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Attorney General William Tong

08/12/2019

ATTORNEY GENERAL TONG JOINS NATIONWIDE COALITION TO INTERVENE IN CENSUS CHALLENGE

Connecticut to Intervene as Defendant in Alabama Census Case to Ensure Electoral College Count Is Not Distorted

(Hartford, CT) – Attorney General William Tong today joined a 26-member coalition from around the country — including 15 states, the District of Columbia, three counties, six cities, and the U.S. Conference of Mayors — in opposing the State of Alabama’s attempt to advance a discriminatory agenda and tilt the power within Congress and the Electoral College by refusing to count every individual in the 2020 decennial census. While the U.S. Department of Commerce and the U.S. Census Bureau, as well as their respective leaders, have been named as defendants in the case, Connecticut moved to intervene as a defendant in the federal case of Alabama v. U.S. Department of Commerce, in the Northern District of Alabama, to ensure the case is properly presented and that every resident in America — irrespective of citizenship status — is counted in the decennial census.

"The Constitution is clear—every person counts in the census, regardless of citizenship. Alabama is ignoring the plain letter of the law in an unlawful effort to boost their Congressional representation and federal aid at the expense of states with larger immigrant populations. Connecticut and our multistate partners successfully blocked the Trump Administration's discriminatory census ploy, and we fully expect to prevail against this latest unconstitutional, anti-immigrant effort to distort a full and accurate census count," said Attorney General Tong.

In May 2018, the State of Alabama and an Alabama congressman filed a lawsuit challenging the U.S. Census Bureau’s long-standing policy of including all individuals, including non-citizens in the decennial census. The census count is used to distribute billions of dollars in federal funding, as well as determine the number of Representatives each state receives in the U.S. House of Representatives, which, subsequently, determines the number of Electoral College votes each state receives in a presidential election.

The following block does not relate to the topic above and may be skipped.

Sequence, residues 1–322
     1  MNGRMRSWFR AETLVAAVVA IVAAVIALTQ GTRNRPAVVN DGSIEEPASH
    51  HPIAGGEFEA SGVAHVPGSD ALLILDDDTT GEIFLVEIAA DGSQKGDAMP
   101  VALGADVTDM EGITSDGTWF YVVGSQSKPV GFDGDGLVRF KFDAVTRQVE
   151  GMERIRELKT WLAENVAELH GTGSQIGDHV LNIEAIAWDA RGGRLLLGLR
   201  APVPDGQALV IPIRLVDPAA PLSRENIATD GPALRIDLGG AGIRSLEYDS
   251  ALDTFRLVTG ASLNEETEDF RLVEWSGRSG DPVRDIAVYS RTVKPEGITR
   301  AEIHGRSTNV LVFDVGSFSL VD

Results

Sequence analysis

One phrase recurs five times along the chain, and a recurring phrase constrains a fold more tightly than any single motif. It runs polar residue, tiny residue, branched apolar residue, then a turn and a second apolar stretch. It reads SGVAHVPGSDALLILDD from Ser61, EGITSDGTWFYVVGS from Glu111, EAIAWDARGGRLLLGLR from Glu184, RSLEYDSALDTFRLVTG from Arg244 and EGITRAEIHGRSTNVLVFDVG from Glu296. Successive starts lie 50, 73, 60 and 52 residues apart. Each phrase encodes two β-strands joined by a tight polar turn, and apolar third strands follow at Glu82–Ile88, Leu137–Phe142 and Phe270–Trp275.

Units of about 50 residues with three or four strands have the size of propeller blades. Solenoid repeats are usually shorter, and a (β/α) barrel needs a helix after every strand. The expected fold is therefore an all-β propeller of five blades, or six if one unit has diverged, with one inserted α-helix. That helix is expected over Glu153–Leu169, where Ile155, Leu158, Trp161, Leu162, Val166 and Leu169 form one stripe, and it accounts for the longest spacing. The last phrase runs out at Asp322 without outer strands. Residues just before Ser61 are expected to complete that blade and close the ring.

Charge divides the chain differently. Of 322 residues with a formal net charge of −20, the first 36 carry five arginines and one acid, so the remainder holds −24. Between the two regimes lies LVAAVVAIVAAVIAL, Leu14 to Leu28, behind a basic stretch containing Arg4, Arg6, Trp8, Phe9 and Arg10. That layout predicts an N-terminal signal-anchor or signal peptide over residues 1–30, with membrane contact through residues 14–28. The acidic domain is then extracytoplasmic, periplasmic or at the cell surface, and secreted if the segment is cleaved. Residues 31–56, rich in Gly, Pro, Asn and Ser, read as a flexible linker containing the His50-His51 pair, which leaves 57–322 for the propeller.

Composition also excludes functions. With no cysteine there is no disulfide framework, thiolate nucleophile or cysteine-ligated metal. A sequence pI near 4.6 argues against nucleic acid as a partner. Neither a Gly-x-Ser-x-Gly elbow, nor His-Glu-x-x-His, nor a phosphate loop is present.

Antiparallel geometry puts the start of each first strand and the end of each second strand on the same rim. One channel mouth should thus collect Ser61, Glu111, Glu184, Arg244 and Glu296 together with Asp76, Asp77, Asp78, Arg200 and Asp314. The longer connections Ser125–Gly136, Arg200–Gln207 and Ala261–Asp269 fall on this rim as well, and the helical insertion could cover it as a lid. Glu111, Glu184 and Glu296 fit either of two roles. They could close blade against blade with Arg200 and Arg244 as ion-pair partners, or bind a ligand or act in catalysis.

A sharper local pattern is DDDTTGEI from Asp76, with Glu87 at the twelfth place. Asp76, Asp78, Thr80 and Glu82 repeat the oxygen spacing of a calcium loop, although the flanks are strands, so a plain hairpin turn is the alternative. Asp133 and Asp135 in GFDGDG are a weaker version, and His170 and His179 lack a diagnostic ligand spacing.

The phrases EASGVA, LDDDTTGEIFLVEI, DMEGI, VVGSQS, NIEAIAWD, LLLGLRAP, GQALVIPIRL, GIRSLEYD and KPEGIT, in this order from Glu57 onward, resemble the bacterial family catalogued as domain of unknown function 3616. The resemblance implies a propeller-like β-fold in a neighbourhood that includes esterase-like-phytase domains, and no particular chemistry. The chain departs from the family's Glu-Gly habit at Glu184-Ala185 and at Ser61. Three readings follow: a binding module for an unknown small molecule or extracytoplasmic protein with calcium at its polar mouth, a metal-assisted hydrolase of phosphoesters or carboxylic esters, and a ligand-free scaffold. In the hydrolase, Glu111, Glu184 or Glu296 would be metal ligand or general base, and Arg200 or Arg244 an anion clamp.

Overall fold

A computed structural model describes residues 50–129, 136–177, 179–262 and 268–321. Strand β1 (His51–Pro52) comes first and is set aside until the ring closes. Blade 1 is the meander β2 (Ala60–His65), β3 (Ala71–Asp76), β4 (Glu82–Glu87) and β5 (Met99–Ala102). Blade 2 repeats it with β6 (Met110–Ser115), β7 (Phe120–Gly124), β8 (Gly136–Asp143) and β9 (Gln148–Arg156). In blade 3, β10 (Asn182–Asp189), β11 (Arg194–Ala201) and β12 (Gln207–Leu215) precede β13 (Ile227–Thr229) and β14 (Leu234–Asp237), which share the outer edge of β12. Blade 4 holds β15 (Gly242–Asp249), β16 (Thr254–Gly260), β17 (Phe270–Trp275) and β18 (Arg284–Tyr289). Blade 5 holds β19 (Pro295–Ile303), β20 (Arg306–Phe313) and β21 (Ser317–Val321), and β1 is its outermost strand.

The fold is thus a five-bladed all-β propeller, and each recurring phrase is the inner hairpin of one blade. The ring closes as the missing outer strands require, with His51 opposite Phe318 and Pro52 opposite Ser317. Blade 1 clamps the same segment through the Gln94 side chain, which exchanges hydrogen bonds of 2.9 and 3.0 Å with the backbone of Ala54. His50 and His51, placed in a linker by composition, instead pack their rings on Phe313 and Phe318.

Despite Alabama’s objection, Article I of the U.S. Constitution, as amended by the Fourteenth Amendment, is clear that the “actual Enumeration” of the “whole number of persons” in each state includes everyone in the country, regardless of their lawful status. As a three-judge district court noted in rejecting a similar challenge decades ago, “[t]he language of the Constitution is not ambiguous” and “requires the counting of the ‘whole number of persons’ for apportionment purposes, and while illegal aliens were not a component of the population at the time the Constitution was adopted, they are clearly ‘persons.’”

While the United States Department of Justice is defending the Census Bureau and the U.S. Department of Commerce in this case, recent statements by senior officials in the Trump Administration suggest that the Administration’s defense will be inadequate. On July 11, 2019, while announcing that the federal government would no longer seek to add a citizenship question to the 2020 Census, U.S. Attorney General William Barr suggested that the Administration would reconsider the issue at the heart of Alabama’s challenge: whether to count undocumented immigrants in the apportionment count. Additionally, the Court in the Alabama case recently noted that the defense offered by the U.S. Department of Justice has been “halfhearted” and that allowing intervention will ensure the “best arguments” are made in support of the century-old precedent.

The coalition of states, cities, and counties — led by New York State Attorney General Letitia James — is seeking to intervene as defendants in the lawsuit today in an effort to defend the constitutional mandate that requires the U.S. Census Bureau to count every resident of the United States, as well as defend the century-old Census Bureau precedent of counting “all persons” in the United States, regardless of immigration status, for the purposes of apportionment.

Removing undocumented immigrants from the census count would not only result in the loss of representation in Congress for several states with large immigrant populations, but would also reduce representation of cities and counties with large immigrant populations in state legislatures. It could also result in reductions in crucial federal funding — as over 300 programs and billions of dollars are tied, at least in part, to census population figures. It is imperative for the states, counties, and cities in the coalition to intervene and adequately defend the current policy that includes undocumented immigrants in the census count for all purposes.

Joining Tong in filing the motion to intervene are the Attorneys General of New York, California, Colorado, Illinois, Massachusetts, Minnesota, Nevada, New Jersey, New Mexico, Oregon, Rhode Island, Vermont, Virginia, Washington, and the District of Columbia. Additionally, Monterey County in California, Hidalgo and Cameron Counties in Texas, the cities of New York, NY; Central Falls, RI; Chicago, Il; Philadelphia, PA; Providence, RI; and Seattle, WA, as well as the bipartisan U.S. Conference of Mayors have joined as defendants in the suit as well.

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